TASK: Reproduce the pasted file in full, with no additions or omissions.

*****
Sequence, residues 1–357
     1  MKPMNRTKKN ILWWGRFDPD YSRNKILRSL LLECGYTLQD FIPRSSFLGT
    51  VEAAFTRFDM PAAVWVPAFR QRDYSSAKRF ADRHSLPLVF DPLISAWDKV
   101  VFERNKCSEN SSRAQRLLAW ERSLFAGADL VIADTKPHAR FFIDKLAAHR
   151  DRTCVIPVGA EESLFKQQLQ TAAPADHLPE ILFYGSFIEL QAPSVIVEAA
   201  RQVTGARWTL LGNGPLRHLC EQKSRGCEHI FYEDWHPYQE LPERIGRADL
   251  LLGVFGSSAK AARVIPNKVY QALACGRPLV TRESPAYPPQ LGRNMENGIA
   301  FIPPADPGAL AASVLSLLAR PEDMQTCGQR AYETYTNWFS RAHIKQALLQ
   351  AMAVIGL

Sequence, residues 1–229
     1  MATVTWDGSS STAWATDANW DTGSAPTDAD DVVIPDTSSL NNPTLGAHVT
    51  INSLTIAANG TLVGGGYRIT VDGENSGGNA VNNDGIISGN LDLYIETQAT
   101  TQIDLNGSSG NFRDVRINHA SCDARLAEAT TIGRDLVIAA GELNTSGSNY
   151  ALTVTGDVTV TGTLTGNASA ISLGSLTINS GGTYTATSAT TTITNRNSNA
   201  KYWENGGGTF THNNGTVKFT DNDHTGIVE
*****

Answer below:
Sequence, residues 1–357
     1  MKPMNRTKKN ILWWGRFDPD YSRNKILRSL LLECGYTLQD FIPRSSFLGT
    51  VEAAFTRFDM PAAVWVPAFR QRDYSSAKRF ADRHSLPLVF DPLISAWDKV
   101  VFERNKCSEN SSRAQRLLAW ERSLFAGADL VIADTKPHAR FFIDKLAAHR
   151  DRTCVIPVGA EESLFKQQLQ TAAPADHLPE ILFYGSFIEL QAPSVIVEAA
   201  RQVTGARWTL LGNGPLRHLC EQKSRGCEHI FYEDWHPYQE LPERIGRADL
   251  LLGVFGSSAK AARVIPNKVY QALACGRPLV TRESPAYPPQ LGRNMENGIA
   301  FIPPADPGAL AASVLSLLAR PEDMQTCGQR AYETYTNWFS RAHIKQALLQ
   351  AMAVIGL

Sequence, residues 1–229
     1  MATVTWDGSS STAWATDANW DTGSAPTDAD DVVIPDTSSL NNPTLGAHVT
    51  INSLTIAANG TLVGGGYRIT VDGENSGGNA VNNDGIISGN LDLYIETQAT
   101  TQIDLNGSSG NFRDVRINHA SCDARLAEAT TIGRDLVIAA GELNTSGSNY
   151  ALTVTGDVTV TGTLTGNASA ISLGSLTINS GGTYTATSAT TTITNRNSNA
   201  KYWENGGGTF THNNGTVKFT DNDHTGIVE